I am very healthy plants and are not particularly attacked by insects. The only problem that can be found is the rot of the roots. Above all, prevention must be done by giving a not too compact soil and controlling irrigation.
If despite these treatments we have to see the plant in distress (which is manifested by a yellowing of the leaves) it is absolutely necessary to reduce the irrigation and to spread on the ground products that fight root rot (based on propamocarb or fosetyl aluminum).
As for all the vivacious plants the only foresight is to intervene in the spring to clean up the dry stems of the previous year by cutting them at ground level.
Physalis alkekengi: it is widespread all over the world and in Italy it has become practically spontaneous in some areas. The plant is glabrous and the lanterns are very decorative because they can reach 10 cm in diameter. Generally, especially in cold areas, dry at the beginning of winter and therefore the plant must be cleaned.
If, on the other hand, you live in places that are not very rigid, you can keep the stems even throughout the winter and the orange wraps become very decorative after the morning frosts.
It is a plant that, if well, tends to widen a lot and could therefore become invasive. It is therefore important to keep an eye on her and, if necessary, commit to keeping her confined to her spaces.
Var franchetii: some consider it a separate species, others only a variety. It grows more (90 cm) and has more pointed lanterns. The var. Gigantea has even more important lanterns.
Var. “Variegata” franchetii: decorative also for the leaves, variegated in yellow and cream.
Physalis pubescens: it is an annual variety, with a height of 20 cm (it has a prostrate habit).
It is one of the varieties cultivated for the production of edible berries, similar to yellow or orange cherries (also called earthy cherries). They are sweet, slightly acid fruits. After the harvest it is very easy to keep them in the fridge and keep them until Christmas.
Physalis peruviana (or edulis) also produces berries suitable for human consumption. The plant is more upright, but the fruits are almost always less sweet.
Use in the garden
The perennial varieties of physalis find their use both in the mixed border and in the most spontaneous part of the garden. It should be borne in mind that these are not particularly decorative plants (although light habit can find good locations). They must be seen in the perspective of giving the garden a continuity in the blooms. The alchechengi indeed has the undoubted merit of showing off its lanterns in late autumn when the rest of the garden is preparing for winter rest.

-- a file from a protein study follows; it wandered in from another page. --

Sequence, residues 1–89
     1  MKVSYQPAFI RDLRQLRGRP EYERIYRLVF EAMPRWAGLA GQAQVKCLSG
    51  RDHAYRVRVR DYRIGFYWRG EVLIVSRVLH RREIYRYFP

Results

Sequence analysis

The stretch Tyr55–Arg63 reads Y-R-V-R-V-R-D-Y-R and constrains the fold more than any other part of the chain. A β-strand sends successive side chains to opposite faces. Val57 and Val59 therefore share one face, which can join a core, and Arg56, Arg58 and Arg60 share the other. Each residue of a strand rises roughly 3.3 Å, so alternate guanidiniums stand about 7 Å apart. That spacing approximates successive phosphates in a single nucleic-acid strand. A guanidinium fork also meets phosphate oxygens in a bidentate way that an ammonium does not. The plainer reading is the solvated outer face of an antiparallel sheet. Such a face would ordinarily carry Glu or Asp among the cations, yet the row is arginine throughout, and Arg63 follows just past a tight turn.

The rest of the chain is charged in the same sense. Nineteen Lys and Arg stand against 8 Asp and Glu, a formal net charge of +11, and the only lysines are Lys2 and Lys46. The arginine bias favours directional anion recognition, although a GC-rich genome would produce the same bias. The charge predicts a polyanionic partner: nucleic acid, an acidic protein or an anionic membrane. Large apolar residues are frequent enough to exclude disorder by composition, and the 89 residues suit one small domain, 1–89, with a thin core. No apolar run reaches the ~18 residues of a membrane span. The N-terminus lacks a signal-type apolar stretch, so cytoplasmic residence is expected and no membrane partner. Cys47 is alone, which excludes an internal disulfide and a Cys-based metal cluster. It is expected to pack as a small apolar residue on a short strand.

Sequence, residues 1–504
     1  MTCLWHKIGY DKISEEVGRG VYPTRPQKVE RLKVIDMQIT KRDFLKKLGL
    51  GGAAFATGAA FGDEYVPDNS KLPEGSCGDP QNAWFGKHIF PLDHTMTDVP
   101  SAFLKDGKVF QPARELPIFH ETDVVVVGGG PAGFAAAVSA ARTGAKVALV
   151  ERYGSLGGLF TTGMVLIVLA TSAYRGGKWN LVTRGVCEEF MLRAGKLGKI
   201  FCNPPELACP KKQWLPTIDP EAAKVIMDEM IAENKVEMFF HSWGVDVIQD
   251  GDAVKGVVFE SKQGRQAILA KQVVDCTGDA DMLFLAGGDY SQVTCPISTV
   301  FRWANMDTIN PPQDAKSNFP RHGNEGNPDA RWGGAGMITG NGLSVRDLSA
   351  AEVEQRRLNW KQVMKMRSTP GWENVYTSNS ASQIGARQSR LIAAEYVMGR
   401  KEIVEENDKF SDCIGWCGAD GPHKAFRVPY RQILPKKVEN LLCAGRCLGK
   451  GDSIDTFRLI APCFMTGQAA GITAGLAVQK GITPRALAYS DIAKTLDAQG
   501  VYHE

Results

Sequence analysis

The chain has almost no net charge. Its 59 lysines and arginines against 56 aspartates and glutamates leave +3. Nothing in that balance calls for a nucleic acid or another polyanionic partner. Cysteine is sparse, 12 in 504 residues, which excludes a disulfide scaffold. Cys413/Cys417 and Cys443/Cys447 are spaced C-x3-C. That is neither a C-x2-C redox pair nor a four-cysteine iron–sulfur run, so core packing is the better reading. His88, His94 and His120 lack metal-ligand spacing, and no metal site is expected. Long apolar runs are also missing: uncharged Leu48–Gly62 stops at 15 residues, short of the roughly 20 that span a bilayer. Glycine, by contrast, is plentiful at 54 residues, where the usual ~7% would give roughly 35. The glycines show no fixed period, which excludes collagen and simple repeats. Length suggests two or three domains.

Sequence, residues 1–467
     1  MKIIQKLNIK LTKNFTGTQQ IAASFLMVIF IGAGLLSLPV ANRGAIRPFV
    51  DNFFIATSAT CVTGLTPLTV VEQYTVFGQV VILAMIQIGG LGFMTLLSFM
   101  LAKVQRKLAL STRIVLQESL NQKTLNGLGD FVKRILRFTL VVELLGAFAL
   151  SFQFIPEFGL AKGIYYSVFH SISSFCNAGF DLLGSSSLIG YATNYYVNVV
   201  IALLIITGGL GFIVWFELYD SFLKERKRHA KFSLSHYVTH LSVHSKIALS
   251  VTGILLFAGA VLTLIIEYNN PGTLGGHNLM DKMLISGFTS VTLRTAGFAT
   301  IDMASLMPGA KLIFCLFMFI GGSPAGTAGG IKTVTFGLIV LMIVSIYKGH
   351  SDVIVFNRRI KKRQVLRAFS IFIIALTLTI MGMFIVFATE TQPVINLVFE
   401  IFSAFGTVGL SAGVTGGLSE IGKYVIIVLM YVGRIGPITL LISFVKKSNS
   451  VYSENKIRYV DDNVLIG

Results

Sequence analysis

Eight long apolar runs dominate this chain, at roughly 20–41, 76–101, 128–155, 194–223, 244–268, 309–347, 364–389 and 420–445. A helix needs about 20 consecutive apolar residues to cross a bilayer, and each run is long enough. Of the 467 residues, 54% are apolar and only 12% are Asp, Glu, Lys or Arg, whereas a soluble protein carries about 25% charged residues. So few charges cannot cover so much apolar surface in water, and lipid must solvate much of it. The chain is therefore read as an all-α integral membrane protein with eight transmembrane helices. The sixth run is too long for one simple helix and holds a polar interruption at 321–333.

In addition, the capsules become more and more decorative as the season progresses, elegantly revealing the colorful internal berry. A further advantage derives from the fact that the drums can be easily removed and dried. They can also be used as cut flowers or in pot-pourris that will last a long time decorating our homes in the winter months.
It must first be pointed out that, like many solanaceae, it is a plant that is mostly toxic. In fact all its parts are, except the ripe berries. Contact with leaves can cause irritation and allergic reactions. We must therefore pay the utmost attention.
It should also be noted that the fruit of the perennial garden varieties is edible, but its taste is too acid to be pleasant.
If you want to grow the plant for food, you must therefore buy seeds of the annual varieties such as the edulis or the pubescens.
Cape gooseberry - Physalis alkekengi: Recipes with cape gooseberry
Very often, during the winter, chocolate-wrapped berries are surrounded by their capsules.
In reality it is very simple to make them at home. It is sufficient to melt dark chocolate in the microwave (or in a bain-marie) and then immerse the berries in it. The chocolate will thicken first if we have kept the berries in the refrigerator (even in the freezer) so that they are very cold. To give a final touch we can again dip them in granulated sugar so that around the chocolate is created a frost similar to the winter one.
Ingredients: 700 gr of cape gooseberries
400 grams of sugar
A bag of pectin (or a few slices of apple with peel)
Optional: some fresh ginger
Wash the fruits well and place them in the casserole with the sugar, pectin (or the finely chopped apple), lemon juice and ginger. Bring to a boil and cook until the consistency is not too liquid (the less it is cooked, the better it is to preserve the flavor).
Put very hot in clean jars. If you want to do this before you can filter with a metal strainer to remove the seeds.
The alkekengi is a perennial plant, this resists all year round if placed in warm areas, which do not fall below 16 °
The Alchechengi is a perennial herbaceous plant belonging to the Solanaceae family. It is of oriental origin where it is col
visit: cape gooseberry